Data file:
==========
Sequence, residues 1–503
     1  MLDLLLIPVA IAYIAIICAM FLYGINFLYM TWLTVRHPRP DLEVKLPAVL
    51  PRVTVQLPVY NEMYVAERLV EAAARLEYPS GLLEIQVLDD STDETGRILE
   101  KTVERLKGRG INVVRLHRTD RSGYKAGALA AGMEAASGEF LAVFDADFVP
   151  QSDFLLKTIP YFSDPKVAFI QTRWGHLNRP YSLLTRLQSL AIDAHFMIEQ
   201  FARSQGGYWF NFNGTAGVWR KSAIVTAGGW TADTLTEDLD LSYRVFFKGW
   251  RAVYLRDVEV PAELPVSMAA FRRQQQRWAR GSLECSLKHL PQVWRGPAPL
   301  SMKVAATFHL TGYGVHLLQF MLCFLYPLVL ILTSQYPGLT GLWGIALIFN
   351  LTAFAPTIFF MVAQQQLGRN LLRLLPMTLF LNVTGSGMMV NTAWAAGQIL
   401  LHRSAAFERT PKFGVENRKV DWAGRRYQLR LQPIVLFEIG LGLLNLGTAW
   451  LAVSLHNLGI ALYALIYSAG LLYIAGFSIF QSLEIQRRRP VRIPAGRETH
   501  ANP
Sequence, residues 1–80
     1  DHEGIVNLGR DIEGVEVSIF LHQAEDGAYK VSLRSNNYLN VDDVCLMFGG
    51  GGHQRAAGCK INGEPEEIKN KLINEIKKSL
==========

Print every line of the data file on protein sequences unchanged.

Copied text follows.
Sequence, residues 1–503
     1  MLDLLLIPVA IAYIAIICAM FLYGINFLYM TWLTVRHPRP DLEVKLPAVL
    51  PRVTVQLPVY NEMYVAERLV EAAARLEYPS GLLEIQVLDD STDETGRILE
   101  KTVERLKGRG INVVRLHRTD RSGYKAGALA AGMEAASGEF LAVFDADFVP
   151  QSDFLLKTIP YFSDPKVAFI QTRWGHLNRP YSLLTRLQSL AIDAHFMIEQ
   201  FARSQGGYWF NFNGTAGVWR KSAIVTAGGW TADTLTEDLD LSYRVFFKGW
   251  RAVYLRDVEV PAELPVSMAA FRRQQQRWAR GSLECSLKHL PQVWRGPAPL
   301  SMKVAATFHL TGYGVHLLQF MLCFLYPLVL ILTSQYPGLT GLWGIALIFN
   351  LTAFAPTIFF MVAQQQLGRN LLRLLPMTLF LNVTGSGMMV NTAWAAGQIL
   401  LHRSAAFERT PKFGVENRKV DWAGRRYQLR LQPIVLFEIG LGLLNLGTAW
   451  LAVSLHNLGI ALYALIYSAG LLYIAGFSIF QSLEIQRRRP VRIPAGRETH
   501  ANP
Sequence, residues 1–80
     1  DHEGIVNLGR DIEGVEVSIF LHQAEDGAYK VSLRSNNYLN VDDVCLMFGG
    51  GGHQRAAGCK INGEPEEIKN KLINEIKKSL